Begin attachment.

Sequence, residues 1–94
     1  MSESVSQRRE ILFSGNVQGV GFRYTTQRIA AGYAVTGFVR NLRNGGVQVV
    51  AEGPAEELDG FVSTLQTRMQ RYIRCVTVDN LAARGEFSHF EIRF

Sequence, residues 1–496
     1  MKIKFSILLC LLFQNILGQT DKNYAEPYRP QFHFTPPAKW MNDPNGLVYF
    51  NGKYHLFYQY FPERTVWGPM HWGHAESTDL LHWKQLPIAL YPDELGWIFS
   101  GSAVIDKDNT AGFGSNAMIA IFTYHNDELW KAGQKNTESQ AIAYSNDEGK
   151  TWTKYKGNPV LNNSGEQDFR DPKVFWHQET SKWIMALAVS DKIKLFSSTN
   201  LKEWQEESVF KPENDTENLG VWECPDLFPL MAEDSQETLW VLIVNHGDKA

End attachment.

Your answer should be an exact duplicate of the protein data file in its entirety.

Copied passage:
Sequence, residues 1–94
     1  MSESVSQRRE ILFSGNVQGV GFRYTTQRIA AGYAVTGFVR NLRNGGVQVV
    51  AEGPAEELDG FVSTLQTRMQ RYIRCVTVDN LAARGEFSHF EIRF

Sequence, residues 1–496
     1  MKIKFSILLC LLFQNILGQT DKNYAEPYRP QFHFTPPAKW MNDPNGLVYF
    51  NGKYHLFYQY FPERTVWGPM HWGHAESTDL LHWKQLPIAL YPDELGWIFS
   101  GSAVIDKDNT AGFGSNAMIA IFTYHNDELW KAGQKNTESQ AIAYSNDEGK
   151  TWTKYKGNPV LNNSGEQDFR DPKVFWHQET SKWIMALAVS DKIKLFSSTN
   201  LKEWQEESVF KPENDTENLG VWECPDLFPL MAEDSQETLW VLIVNHGDKA